I am happy to welcome debut illustrator Qing Zhuang to Cynsations today to talk about her journey and what motivates her to create books for kids.
What first inspired you to write/illustrate for young readers?
Books were my best friends. Growing up, I had a lot of things I wanted to say but couldn’t do so directly, partially due to language, economic and cultural barriers as an immigrant child so drawing became my mode of expression. Working in a school has also added new dimensions to my experience of childhood and what it means to grow up.
Every child deserves to experience beauty, wonder, tenderness, understanding and joy. For some children, books are one of their only sources of these experiences. This is what motivates me.
As an unagented illustrator, how did you identify your editor and connect the manuscript with the publishing house?
After many years of going to the same Winter SCBWI conference in NYC, I decided to try the New Jersey one because I had heard so many good things about it.
I entered their themed competition and won in the “unpublished” category. I also participated in the portfolio show.
A few weeks later, I got an email from the editor asking me to read the manuscript and decide if I want to illustrate it or not.
As a member of a community underrepresented in youth literature, what did your perspective bring to your story?
I know many people who are parents or grandparents of children who are multiracial or adopted or in a blended family. I also have many students who are multiracial or adopted or simply don’t look like their caretakers for another reason.
As well-loved as they are, these students sometimes struggle immensely with their identity and loving what makes them unique. I kept them in my mind when I began designing the characters.
Even though I am not in a multiracial family or relationship, I felt very sympathetic to those struggles with identity and acceptance. It was my own minuscule way to tell that student or friend that they matter, that their “forever love” is worthy of being seen and celebrated.
As an illustrator-teacher, how do your various roles inform one another?
I love being both illustrator and teacher. The throughline is a love of books.
I am obsessed with picture books and graphic novels and constantly order books or buy signed copies at book events to share with students. It’s not a small amount, but I can’t help it.
It’s absolutely my favorite way of connecting with children, even more than making art with them—which is super fun for me!
Obviously, working with children teaches me so much about them. Sometimes they inspire new stories, it could be the way they dressed or reacted to an ordeal….
I wouldn’t be able to just dream it up just from drawing from my own childhood experiences.
Please describe your pre-publication craft apprenticeship. How did you take your art from a beginner level to publishable?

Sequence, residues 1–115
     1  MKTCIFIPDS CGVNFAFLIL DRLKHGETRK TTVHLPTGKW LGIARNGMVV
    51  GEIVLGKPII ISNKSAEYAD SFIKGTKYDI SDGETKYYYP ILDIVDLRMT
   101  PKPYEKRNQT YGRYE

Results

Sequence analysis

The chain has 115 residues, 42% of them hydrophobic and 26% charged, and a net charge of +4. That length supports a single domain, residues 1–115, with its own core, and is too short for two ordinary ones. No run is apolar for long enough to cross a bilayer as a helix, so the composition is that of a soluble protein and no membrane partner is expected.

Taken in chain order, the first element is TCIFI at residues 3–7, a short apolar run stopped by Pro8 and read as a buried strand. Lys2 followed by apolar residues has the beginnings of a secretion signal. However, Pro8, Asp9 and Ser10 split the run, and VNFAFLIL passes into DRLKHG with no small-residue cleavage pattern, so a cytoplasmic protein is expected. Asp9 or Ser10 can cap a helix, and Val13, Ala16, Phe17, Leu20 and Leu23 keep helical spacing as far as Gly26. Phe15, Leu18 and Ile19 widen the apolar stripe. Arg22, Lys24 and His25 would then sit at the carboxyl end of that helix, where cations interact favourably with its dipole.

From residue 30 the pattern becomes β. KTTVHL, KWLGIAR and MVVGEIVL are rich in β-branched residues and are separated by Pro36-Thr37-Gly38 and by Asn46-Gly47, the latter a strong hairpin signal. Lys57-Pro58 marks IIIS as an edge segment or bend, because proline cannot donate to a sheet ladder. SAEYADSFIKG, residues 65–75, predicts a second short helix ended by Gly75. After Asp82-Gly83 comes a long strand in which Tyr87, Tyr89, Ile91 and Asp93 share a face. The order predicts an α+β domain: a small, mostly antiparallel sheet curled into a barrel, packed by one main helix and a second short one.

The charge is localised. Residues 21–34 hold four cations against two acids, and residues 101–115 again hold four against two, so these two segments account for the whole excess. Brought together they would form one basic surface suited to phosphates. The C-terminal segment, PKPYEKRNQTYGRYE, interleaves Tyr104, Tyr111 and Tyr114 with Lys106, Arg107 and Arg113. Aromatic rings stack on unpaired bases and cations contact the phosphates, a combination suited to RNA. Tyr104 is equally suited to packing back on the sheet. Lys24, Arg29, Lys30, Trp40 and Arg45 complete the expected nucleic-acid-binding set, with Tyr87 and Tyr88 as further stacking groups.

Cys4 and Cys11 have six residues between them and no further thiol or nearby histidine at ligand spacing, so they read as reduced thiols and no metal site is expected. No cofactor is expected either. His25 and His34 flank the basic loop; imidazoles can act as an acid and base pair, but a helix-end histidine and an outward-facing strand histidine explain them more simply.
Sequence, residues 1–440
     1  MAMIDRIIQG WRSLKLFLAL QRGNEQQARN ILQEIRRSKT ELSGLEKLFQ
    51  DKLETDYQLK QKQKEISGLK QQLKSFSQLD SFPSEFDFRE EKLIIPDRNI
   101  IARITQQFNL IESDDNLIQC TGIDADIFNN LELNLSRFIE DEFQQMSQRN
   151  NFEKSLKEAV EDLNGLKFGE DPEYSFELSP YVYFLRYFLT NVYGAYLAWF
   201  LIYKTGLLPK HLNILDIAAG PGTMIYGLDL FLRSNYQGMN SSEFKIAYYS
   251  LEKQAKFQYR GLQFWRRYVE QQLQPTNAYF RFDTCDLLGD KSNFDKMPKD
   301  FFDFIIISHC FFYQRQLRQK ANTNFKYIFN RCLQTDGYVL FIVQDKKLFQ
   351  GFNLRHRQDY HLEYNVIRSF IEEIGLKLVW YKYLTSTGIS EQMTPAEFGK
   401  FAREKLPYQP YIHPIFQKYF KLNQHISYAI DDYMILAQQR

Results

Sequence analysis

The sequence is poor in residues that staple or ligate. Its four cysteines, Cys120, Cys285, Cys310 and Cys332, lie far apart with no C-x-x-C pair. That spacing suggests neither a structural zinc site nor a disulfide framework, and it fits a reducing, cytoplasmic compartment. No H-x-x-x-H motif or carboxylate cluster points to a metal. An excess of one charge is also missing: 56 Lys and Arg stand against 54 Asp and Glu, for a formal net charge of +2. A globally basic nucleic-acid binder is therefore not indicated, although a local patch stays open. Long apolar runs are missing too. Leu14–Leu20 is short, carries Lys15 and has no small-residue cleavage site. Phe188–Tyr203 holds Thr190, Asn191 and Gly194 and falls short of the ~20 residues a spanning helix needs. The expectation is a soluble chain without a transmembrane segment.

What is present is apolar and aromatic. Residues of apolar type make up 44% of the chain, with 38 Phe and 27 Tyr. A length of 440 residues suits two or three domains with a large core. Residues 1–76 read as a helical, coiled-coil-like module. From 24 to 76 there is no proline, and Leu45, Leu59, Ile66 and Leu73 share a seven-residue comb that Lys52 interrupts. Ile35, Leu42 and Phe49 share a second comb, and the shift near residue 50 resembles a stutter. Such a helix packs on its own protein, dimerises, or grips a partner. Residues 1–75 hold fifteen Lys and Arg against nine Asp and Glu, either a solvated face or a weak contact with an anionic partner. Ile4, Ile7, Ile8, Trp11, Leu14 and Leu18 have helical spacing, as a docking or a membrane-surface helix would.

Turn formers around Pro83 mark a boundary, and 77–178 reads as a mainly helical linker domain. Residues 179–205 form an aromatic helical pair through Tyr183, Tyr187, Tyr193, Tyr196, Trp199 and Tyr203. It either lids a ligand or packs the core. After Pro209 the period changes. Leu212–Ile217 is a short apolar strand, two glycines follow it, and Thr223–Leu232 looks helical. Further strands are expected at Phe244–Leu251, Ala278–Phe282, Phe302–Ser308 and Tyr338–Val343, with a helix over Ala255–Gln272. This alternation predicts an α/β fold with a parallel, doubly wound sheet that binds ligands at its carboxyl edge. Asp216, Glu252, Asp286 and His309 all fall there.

I started off a bit rocky. Art school was confusing for me. I didn’t feel I fit in and generally felt tired all the time. So after art school, I had to take a long time to figure out what kind of art I wanted to make. I felt pretty guilty and lost!
Along the way, I saved up money and took Monica Wellington’s continuing ed class at SVA and through several open-ended assignments, I began to find some semblance of an “ah-ha.” I had to really edit myself and decide that even though I had this experimental streak, if a children’s book portfolio is what I wanted to make, I needed to start my career with a clear vision.
I needed 15 good pieces in a singular style so that editors know what I can do before I branch out to new territory.
Another factor is the emotional piece. I went to grad school to study art education. Teaching art to children reignited my excitement about making art. Learning about teaching and child development was a welcomed new challenge and made me feel strong and independent.
It is extremely difficult to be a teacher, and I am humbled and inspired by it every day. It also provides necessary structure in my life!
Lastly, I met supportive people. The emotional and life experience factors cannot be underestimated in my artistic development. To anyone who is feeling the way I felt, I say: Keep going and be patient!
Qing Zhuang is an illustrator and aspiring writer-illustrator in New York City. She came to the United States from China as a child and grew up mostly in Brooklyn. She has a Master’s degree in art education and a BFA in illustration from Maryland Institute College of Art. How Long is Forever? written by Kelly Carey (Charlesbridge 2020) is her first picture book.
Stephani Martinell Eaton holds an MFA in Writing for Children and Young Adults from Vermont College of Fine Arts where she won the Candlewick Picture Book Award and the Marion Dane Bauer Award for middle grade fiction.